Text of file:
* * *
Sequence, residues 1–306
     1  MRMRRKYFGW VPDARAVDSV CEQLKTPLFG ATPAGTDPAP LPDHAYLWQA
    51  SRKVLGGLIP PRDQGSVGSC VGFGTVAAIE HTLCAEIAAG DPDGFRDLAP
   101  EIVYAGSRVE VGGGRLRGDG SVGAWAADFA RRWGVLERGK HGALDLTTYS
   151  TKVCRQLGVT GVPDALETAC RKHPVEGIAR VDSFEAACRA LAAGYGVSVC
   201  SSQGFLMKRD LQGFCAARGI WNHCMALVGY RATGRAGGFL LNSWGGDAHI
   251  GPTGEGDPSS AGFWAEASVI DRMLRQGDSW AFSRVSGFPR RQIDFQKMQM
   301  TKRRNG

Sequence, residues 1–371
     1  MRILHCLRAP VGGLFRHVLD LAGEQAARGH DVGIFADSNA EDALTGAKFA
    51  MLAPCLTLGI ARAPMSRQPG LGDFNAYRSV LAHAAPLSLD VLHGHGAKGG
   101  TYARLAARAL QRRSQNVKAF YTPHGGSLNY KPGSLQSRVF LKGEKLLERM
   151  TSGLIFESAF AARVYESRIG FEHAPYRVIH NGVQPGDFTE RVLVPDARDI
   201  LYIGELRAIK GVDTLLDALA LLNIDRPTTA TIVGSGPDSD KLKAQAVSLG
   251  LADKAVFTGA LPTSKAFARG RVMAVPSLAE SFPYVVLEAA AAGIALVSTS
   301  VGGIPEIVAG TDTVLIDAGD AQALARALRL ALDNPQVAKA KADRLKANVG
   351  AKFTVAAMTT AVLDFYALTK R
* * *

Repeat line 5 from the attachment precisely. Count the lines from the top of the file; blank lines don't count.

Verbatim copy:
   151  TKVCRQLGVT GVPDALETAC RKHPVEGIAR VDSFEAACRA LAAGYGVSVC